By Shin Kawashima
In 2019, the relationship between Japan and China was seen to be on track towards improvement. However, the China Coast Guard (CCG) has become more active around the Senkaku Islands than in the previous year. From the Japanese point of view, that gap between China's posture in its diplomacy and in the water is unavoidably perceptible. This trend remains intact or has further intensified after the COVID-19 coronavirus first appeared in China at the end of 2019 and later spread to neighboring countries.
As is widely known, Chinese military actions around Taiwan increased while measures to combat COVID-19 were emphasized. And China set up new administrative districts in the South China Sea while many different countries struggled to contain COVID-19. Moreover, in the East China Sea, several unusual events occurred in May.
First, it was reported that two CCG vessels entered Japanese territorial waters for two consecutive days, specifically on May 8 and 9. The Japan Coast Guard (JCG) website publishes records of the day-to-day activities of Chinese government vessels in Japanese territorial waters and in the contiguous zone around the islets under Japanese administration, which are claimed by China as the Diaoyu Islands. This record shows how unusual it is to see their activities on two consecutive days. In the recent past, there were a cumulative total of four to eight actions per month by government-operated Chinese ships in Japanese territorial waters and around 100 in the contiguous zone. Some argue that it is possible that this activity may increase in May and later months.
Second, 1,000-ton CCG vessels approached and chased a 10-ton Japanese fishing boat from the contiguous zone into Japan's territorial waters. Since 2013, there had not been any instances of Chinese government vessels approaching and chasing a Japanese fishing boat. China has now resumed these actions. In the most recent case, JCG patrol ships in Japanese territorial waters also approached the fishing boat and ordered the Chinese vessels to leave the waters. The atmosphere was tense. However, the Chinese ships eventually left the area.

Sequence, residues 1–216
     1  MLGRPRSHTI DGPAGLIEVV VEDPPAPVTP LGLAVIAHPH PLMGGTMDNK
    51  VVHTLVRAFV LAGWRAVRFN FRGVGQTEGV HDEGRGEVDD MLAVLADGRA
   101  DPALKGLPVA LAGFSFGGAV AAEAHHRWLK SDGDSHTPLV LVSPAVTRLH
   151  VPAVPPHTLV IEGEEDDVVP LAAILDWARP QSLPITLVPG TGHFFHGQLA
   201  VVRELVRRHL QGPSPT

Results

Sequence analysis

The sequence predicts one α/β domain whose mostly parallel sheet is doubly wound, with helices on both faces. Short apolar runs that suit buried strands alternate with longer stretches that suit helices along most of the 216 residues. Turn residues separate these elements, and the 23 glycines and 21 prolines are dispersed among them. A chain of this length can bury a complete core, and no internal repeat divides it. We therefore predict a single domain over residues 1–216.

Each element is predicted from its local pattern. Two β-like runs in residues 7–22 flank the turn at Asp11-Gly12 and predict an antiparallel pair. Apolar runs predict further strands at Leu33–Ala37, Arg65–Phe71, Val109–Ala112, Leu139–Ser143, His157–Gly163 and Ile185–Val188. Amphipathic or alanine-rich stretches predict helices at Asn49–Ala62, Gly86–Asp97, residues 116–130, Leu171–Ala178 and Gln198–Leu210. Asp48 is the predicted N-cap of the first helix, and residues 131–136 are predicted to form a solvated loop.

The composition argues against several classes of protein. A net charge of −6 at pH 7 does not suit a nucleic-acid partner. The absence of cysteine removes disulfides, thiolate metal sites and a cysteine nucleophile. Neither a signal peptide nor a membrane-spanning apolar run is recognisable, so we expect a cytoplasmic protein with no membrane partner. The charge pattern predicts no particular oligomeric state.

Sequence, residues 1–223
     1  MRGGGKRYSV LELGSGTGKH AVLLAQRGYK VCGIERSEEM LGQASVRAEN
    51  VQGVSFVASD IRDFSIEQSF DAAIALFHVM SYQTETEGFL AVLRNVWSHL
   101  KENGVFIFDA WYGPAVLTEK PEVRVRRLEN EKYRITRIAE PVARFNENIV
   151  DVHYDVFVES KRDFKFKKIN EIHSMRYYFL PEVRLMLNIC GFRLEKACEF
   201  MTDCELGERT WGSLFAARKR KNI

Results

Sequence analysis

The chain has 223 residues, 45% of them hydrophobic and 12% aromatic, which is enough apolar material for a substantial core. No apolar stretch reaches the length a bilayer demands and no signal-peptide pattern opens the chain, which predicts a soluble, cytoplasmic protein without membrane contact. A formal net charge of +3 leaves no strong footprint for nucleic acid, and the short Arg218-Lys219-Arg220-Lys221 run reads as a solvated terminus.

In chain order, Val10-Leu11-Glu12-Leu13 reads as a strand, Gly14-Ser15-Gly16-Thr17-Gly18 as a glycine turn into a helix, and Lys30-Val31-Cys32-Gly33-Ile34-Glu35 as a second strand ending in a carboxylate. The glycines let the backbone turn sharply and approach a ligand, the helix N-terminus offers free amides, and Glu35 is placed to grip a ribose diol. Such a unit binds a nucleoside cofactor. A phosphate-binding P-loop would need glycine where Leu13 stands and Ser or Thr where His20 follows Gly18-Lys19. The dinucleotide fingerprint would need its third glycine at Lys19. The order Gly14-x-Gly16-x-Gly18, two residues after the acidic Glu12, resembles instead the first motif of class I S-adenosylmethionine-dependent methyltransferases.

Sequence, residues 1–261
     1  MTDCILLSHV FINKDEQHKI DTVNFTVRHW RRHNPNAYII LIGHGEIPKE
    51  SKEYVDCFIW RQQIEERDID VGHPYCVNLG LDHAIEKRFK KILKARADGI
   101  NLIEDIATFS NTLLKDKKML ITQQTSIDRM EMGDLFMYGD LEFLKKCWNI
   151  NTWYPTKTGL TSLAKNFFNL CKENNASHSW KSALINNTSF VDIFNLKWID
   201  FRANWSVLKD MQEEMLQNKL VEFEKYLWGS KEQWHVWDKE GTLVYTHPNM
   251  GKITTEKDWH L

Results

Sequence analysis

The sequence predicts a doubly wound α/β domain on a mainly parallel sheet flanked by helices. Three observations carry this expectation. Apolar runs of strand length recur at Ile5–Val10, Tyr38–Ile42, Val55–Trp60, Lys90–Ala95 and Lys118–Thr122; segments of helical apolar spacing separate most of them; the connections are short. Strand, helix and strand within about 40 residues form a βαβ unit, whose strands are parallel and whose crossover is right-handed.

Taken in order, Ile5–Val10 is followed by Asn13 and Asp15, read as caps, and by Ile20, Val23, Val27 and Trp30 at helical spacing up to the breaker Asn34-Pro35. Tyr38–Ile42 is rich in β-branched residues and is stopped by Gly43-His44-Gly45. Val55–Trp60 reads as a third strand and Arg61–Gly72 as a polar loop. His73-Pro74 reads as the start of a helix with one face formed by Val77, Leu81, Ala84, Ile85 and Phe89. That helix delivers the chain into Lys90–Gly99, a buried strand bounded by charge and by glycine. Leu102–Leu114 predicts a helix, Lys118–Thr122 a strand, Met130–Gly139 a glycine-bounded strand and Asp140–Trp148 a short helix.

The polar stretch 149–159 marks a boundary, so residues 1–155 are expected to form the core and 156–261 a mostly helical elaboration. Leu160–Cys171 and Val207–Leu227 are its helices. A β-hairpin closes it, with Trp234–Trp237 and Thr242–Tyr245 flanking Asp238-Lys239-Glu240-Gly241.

It is speculated that China may think that now is a good opportunity to make changes to the military and security status quo, while U.S. power is disrupted by COVID-19. Therefore, Beijing is attempting different challenges to the status quo, not only in the South China Sea but also in the East China Sea. Joint military exercises were conducted recently by China and Russia in Japanese littoral waters.
The Japanese media covered this matter relatively intensely, but the Japanese government showed only a lukewarm reaction. Kazuyoshi Akaba, Minister of Land, Infrastructure, Transport and Tourism, in charge of the JCG, has made no specific comment about the matter. An exception among Japanese cabinet members, Defense Minister Taro Kono openly expressed his own caution toward China. In April, the number of scrambles conducted last year by the Japan Air Self-Defense Force was announced. In reaction to the report revealing a rise in scrambles against Chinese air force planes, he voiced severe criticism, revealing concern about China.
China is currently providing support for countries troubled by COVID-19 under the slogan, "Solidarity and Cooperation.” Meanwhile, its relationship with the United States has entered a new phase, and discussion about the U.S. exit from hegemony have become widespread in the country. According to this perception, it is possible to alter the current order in the surrounding sea areas where China has confronted the U.S. military. China may possibly see that U.S. power has been fading gradually after the 9.11 attacks in 2001, the financial crisis of 2008 and this year's COVID-19 outbreak in the United States. However, it is thought that China will need to carry out a careful review, including a review of whether its aggressive foreign policy following the 2008 financial crisis attained its intended goals and of how its neighbors' perceptions of China have changed.
(Shin Kawashima is Professor at University of Tokyo, Japan.)